The book compared a thriving city-state to a meeting between two caravans of merchants in a wilderness field. The two set up camp, and start to do business. For awhile, there is a sense of vibrancy and solidity: rows of dwellings set up, the smells of grilling food, people sitting around campfires at night telling lively stories, and haggling over goods in the day. The whole thing seems like a real community for a short while. But once the deals have been done and the trades have been made, the caravans pack up their tents, say goodby, and head on their way. All that is left in the field is a few scraps of garbage and maybe a straggler or two picking through the leftovers.

The point the author was trying to make was that even very wealthy and strong cities, that seem to have real permanency, are not solid "be-ings." Rather, they are "do-ings," hubs of commercial and other activity. Once the activity dries up for whatever reason, the city becomes a shell of its former self. Even ancient China was littered with the bones of such dead and forgotton communities.

Detroit and others are no different; this is an eternal aspect of the dance of time. The "do-ing" that held the city together (the auto industry and related persuits) has stopped, so the city is in the process of vanishing and people are moving on. Same as any other ghost town in history...

posted on Apr, 20 2009 @ 05:41 PM
When the jobs left Detroit, so did the people that have to work for a living.

As more jobs left, real estate prices plummeted but you can't afford to live there if there is no work.

As the workers left, real estate was abandoned because you just couldn't sell it.

Now, you can pick up houses in Detroit for next to nothing but there are now jobs and you have to deal with the people that were left behind.

Those people are the ones that are burning the houses. Those people are the ones that are breaking the windows.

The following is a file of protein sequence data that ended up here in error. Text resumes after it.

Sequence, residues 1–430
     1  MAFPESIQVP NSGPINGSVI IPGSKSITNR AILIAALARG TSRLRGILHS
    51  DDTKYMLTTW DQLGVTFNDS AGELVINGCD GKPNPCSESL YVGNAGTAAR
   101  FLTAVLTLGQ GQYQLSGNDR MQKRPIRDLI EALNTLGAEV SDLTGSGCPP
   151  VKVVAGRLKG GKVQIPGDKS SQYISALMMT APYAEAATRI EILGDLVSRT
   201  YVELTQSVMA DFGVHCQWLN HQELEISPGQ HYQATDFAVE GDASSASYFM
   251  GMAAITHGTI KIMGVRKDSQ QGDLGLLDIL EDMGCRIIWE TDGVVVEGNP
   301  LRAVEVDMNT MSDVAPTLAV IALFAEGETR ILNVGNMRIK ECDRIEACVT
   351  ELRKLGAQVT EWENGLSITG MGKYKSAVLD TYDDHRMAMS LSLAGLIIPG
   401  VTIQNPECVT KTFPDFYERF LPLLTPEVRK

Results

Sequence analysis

You wonder why there is no development? What sane business would view this as a place for a start up? Do you have an educated population of workers eager for a chance to make your start up fly?

This environment was created by too many years of social programs and no leadership that could attract any jobs.

It's sad.

posted on Apr, 25 2009 @ 02:05 AM
The most cost effective way is through education.

I do not see rebuilding entire ghettos, giving out free stuff, or anything along those lines plausible. The environment is hard, so kids need to know that they must succeed in life in order to move out of the slums.

Life is not fair, but the opportunity for them to escape is there, even with the restrictions they face.

posted on Apr, 26 2009 @ 10:46 PM
Video was pretty sad to see. I grew up in Detroit and you really dont realize how bad it is until your walking down the streets and house after house is in shambles. I recently went to visit with my sister a house that we lived in as kids on 6 mile and gratiot. It was completely in shambles and hard to see. Because when we lived there it wasnt so bad off. The other house we went to visit was completely boarded up.

Its a shame. Those were out memories ya know.

posted on Apr, 26 2009 @ 11:02 PM
The closing of industry (UK especially) and the outsourcing of jobs overseas, and the general bad economy which has been bad for a lot longer than most realize, is bound to start effecting the inner cities first, as they are usually populated by low unskilled workers who get laid off first.

Then the property rents become cheaper, and the neighborhoods become low rent areas, so yes they get populated by immigrants and other low earners.

So it looks like it's the immigrant, or low earners fault, when in reality it's the system that requires markets to be constantly making profit that created the situation.

Your capitalism at work.

posted on Apr, 28 2009 @ 04:08 PM
It was interesting that the rich people could not keep up
with progress and most likely had old DC house wiring from
the Edison era.

When they left town the rest started to crumble.

Why upgrade the house when the profits are going down
and no hope of pushing old technology in a new cover.

In fact people were dumping on the car business with gas
additives that lost engine efficiency as well as converters that
pollute green house gases by making the car more inefficient.
The automobile was an Illuminati gravy train.